diet health

H2O – high on the agenda

I discovered this week that one of my clients drinks no water, just coffee several times a day. He feels few ill effects, but this has been going on for years and his body seems to have adapted. His plan is to gradually introduce some water to his diet – I’m sure his body will thank him greatly, heaving a great sigh of relief.

H2O, or good old water, apart from being obviously vital to life, is paramount to living in a metabolically ideal state. It is intricately involved in the transport of oxygen, nutrients and waste products into and out of cells. UK drinking water contains calcium, fluoride, chloride, magnesium, potassium, aluminium, copper, iron, lead and sodium, which all have benefits to us. Water is necessary for digestion and absorption, and it lubricates mucous membranes in the gastrointestinal and respiratory tracts.

Water must be present for all chemical reactions that occur in the body, especially the metabolic reactions involved in energy production. Dehydration may hamper these systems. The body uses water to help cool it during exercise, in hot environments and when suffering from fever. Water also acts as cushioning in the spinal cord, the brain and between joints. It is clearly a wonderful substance.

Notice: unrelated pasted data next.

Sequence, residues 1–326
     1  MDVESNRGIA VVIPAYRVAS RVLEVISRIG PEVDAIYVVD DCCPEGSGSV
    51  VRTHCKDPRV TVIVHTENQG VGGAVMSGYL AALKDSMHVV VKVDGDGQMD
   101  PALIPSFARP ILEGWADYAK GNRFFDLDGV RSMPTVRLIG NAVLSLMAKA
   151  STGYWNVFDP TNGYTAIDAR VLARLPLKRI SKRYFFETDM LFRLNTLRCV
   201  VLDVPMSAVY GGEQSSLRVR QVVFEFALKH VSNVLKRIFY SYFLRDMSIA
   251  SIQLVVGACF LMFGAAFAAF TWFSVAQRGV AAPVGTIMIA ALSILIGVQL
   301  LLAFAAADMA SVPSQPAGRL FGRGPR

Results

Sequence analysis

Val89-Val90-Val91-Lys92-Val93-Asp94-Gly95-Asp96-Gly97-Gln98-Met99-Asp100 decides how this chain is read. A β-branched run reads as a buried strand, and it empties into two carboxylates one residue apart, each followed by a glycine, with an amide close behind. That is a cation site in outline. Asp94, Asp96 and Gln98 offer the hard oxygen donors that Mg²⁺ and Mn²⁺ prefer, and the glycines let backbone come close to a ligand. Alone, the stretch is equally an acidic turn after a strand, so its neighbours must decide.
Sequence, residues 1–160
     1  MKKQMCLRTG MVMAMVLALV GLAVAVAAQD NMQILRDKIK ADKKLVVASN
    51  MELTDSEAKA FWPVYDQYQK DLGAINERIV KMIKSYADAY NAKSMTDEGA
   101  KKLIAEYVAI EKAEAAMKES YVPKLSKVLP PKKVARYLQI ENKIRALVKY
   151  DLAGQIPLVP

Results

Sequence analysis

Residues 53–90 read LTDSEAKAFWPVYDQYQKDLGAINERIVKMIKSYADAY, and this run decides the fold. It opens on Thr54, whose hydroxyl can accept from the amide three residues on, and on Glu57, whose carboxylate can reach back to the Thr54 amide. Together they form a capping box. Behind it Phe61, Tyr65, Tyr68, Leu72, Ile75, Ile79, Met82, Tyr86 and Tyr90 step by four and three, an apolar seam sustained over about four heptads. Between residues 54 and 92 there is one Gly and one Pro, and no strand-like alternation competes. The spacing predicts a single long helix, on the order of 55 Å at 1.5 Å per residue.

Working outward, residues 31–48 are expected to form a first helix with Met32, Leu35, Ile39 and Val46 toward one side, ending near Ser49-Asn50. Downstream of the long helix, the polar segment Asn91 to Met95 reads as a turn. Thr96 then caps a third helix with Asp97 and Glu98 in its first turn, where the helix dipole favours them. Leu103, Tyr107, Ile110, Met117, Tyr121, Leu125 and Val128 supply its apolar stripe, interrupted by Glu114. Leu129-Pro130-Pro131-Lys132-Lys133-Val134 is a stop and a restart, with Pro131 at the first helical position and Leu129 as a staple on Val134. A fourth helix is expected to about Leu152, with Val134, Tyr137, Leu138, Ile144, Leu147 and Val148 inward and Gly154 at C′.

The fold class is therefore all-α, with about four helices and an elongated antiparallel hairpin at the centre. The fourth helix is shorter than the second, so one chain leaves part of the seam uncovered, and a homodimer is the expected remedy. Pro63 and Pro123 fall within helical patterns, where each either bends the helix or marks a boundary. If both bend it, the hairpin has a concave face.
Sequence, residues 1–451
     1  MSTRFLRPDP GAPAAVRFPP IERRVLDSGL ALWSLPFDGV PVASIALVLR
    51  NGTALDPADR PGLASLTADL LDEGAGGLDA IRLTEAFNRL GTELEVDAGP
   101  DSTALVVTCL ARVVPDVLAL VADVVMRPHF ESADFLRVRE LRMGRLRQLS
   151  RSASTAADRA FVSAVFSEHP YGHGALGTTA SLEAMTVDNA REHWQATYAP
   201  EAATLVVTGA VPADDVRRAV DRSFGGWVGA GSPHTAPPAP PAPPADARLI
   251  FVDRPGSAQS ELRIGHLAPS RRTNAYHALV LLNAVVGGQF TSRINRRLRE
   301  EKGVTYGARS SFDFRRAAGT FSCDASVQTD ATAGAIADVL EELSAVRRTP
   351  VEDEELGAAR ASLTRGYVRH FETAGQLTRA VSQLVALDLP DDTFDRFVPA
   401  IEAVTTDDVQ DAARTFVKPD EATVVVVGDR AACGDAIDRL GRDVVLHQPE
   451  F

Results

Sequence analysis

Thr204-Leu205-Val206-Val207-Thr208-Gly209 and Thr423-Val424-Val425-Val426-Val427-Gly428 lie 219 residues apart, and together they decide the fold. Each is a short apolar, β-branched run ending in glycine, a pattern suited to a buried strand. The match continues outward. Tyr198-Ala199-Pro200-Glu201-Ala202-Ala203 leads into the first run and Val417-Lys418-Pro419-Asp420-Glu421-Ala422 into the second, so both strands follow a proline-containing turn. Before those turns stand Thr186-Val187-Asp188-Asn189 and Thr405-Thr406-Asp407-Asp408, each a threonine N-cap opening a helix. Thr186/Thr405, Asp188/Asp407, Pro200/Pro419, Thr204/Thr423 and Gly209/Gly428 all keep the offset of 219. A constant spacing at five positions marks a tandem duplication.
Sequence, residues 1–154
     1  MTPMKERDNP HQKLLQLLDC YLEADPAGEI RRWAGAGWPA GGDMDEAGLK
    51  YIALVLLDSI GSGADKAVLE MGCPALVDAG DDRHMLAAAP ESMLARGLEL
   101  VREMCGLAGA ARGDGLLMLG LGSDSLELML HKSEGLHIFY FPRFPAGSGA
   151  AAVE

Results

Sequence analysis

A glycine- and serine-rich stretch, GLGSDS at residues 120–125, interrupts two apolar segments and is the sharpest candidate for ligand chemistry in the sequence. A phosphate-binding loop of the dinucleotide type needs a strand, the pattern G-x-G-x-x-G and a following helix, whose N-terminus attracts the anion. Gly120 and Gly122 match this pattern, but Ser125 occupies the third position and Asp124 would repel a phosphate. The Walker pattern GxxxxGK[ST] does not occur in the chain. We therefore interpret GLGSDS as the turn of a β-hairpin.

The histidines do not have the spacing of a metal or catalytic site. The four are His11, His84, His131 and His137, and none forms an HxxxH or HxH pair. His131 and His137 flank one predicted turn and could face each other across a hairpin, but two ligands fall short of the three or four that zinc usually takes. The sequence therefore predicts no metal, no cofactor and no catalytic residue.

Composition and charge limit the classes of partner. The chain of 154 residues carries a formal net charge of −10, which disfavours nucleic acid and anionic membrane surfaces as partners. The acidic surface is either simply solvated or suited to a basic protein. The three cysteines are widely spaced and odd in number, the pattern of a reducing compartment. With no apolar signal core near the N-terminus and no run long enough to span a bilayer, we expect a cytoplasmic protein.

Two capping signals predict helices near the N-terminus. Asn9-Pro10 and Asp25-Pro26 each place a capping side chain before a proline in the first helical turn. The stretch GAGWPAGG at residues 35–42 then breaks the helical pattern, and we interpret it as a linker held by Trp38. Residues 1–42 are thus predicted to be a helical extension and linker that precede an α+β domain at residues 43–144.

NHS Choices, recommend we drink 6-8 glasses of water a day, or around 1.2 litres. This is a conservative guideline compared to the US that recommend 3 litres for men and 2 litres for women. Symptoms of lack of water include dry mouth, lips and eyes, feeling thirsty, dark yellow and strong smelling wee, feeling dizzy or lightheaded, feeling tired, and peeing little and less than four times a day.

Keep the tasty, free, life enhancing cool stuff flowing in!

Lisa 🙂

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